On sacralizing the ordinary


“The sacred is in the ordinary. It is to be found in one's daily life, in one's neighbors, friends, and family, in one's own backyard. To be looking elsewhere for miracles is to me a sure sign of ignorance that everything is miraculous.” - Abraham Maslow





I was raised to correlate spiritual growth and vitality with the frequency and intensity of "spiritual experiences." If prayer, worship, or reading the Scriptures did not bring strong feelings of euphoria and transcendence, or (occasionally) conviction and repentance, then I thought I was stagnant, stunted, or just sleeping. My spirituality was defined by the highlights, not the in-betweens. My faith was only as good as my last "high."


Exhibit A: Youth Camp


I worked in youth ministry for many years, and the experience of all experiences was always youth camp. Every year, without fail, we'd take three dozen or so teens and cloister ourselves up in cabins on a lake in the remotest parts of Maine to enjoy fantastic food, exciting adventures, crazy games, and - of course - intense times of worship, preaching, and prayer. And every year tears flowed, commitments were made, relationships were restored, and new friendships flourished.



And it was all truly beautiful. I did it for more than 10 years and loved every second of it. But almost without fail the energy and passion that students felt at camp faded within a few weeks - at most - after we returned from Maine like Peter, James, and John coming down from the Mount of Transfiguration.



As staff, we would encourage students to understand that things would be different when we got home. Every day cannot, and frankly will not, be like a day at camp. It is a unique environment. "Live from camp, not for it," was a phrase I coined to capture this. Don't live for the highlight, mountaintop experiences like we experience up north every year. Instead, allow that experience to feed you, fuel you, and empower you to go forth while recognizing it is not the norm.


But I've been realizing lately that I didn't take it far enough.


Sacralize the Ordinary


Although "live from camp, not for it" is a powerful truth, it is missing something: sacralize the ordinary - that is, make the ordinary things of life sacred, because they already are.


We can't get the big picture of "the meaning of life" if our answer does not incorporate all of it. (Click to share on Twitter)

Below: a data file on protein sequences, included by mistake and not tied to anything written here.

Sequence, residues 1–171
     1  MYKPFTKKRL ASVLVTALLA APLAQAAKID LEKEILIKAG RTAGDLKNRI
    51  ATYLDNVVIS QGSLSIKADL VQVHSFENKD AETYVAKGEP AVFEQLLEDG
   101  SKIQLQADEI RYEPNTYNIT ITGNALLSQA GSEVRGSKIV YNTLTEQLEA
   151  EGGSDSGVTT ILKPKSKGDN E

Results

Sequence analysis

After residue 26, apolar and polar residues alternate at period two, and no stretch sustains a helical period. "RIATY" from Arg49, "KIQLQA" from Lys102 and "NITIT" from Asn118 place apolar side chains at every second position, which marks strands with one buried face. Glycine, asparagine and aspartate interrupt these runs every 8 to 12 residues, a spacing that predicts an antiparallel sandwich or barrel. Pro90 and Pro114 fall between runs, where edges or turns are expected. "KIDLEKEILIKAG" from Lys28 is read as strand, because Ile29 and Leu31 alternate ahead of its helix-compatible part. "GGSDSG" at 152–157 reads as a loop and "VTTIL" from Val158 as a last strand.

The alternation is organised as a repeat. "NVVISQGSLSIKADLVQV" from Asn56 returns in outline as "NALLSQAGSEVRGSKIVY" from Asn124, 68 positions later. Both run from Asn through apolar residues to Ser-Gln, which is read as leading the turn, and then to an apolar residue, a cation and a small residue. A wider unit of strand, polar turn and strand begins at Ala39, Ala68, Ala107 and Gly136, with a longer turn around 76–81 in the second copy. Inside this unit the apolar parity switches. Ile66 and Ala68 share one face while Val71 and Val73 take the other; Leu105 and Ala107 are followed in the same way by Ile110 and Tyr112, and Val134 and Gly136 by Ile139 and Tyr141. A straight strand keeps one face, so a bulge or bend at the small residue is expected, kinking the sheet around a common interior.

We must not only recognize that every day cannot and will not be a "spiritual experience." We must learn the way in which the ordinary moments are soaked with spirituality - if only we have the eyes to see it. Because the vast majority of all the sacred and spiritual things in this world are found in the ordinary.


What does it look like when we sacralize the ordinary?

  • We do small practices with intentionality, recognizing how they shape us. The very first thing I do every morning is make my bed, remembering that my small act of making order out of chaos is a microscopic imitation of a God who works the same way, bringing light from darkness and life from death. I got this idea from Trish Warrison's brilliant book Liturgy of the Ordinary, and I wrote about it in my poem I make my bed and remember.

  • We see the image of God in the person directly in front of us and respond accordingly. This untitled poem captures the idea of finding God not just in the fantastic and "mystical," but in everyday interactions. My poem In you about a Syrian boy I am working with is a specific example of this.

  • We see the brokenness of our world as an opportunity to point to a more fundamental reality: that God in Christ stooped to enter that brokenness, chaos, and yes, even ordinary boringness, to be with us. I try to get at this idea in All Creation is Groaning.

  • When schedules are filled to bursting and we feel overwhelmed, we learn to stop in those in-between moments and remind ourselves that, rather than simply "busy," Life is Full.

  • From this, we learn that even small changes in the way we articulate our reality can transform our outlook. The one word gap between "life is busy" and "life is full" spans two totally different perspectives.

Experience a new wonder daily


Walk in the Way, view all parts with compassion, comprehend the whole, practice humility, experience a new wonder daily.

-David Jones


These words are about viewing life as holistically spiritual. We must learn to see the parts and the whole, the forest and the trees. We must view the parts with compassion - the good, the bad, the boring, the confusing, and the mundane. At the same time, we must see each of these as part of the whole. We can't get the big picture of "the meaning of life" if our answer does not incorporate all of it.


Next, we are reminded to practice humility. If we think we have it all figured out, we need to remember there's no way we ever could. And if we feel hopelessly lost and confused, we can take it as an encouragement that we just need to keep moving forward.


Last but far from least, the final line is absolutely essential: Experience a new wonder daily. The last thing I do before bed each night is to take a few moments to jot down a "moment of wonder" from that day in my journal. These come in so many shapes and sizes I won't even try to describe them, but I promise that if you start to intentionally look for wonder in at least one small place every day, even in the uneventful and the bland, you will begin to see a change in your thought-patterns, and you will be at the cusp of sacralizing the ordinary.

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©2019 by Corey Farr.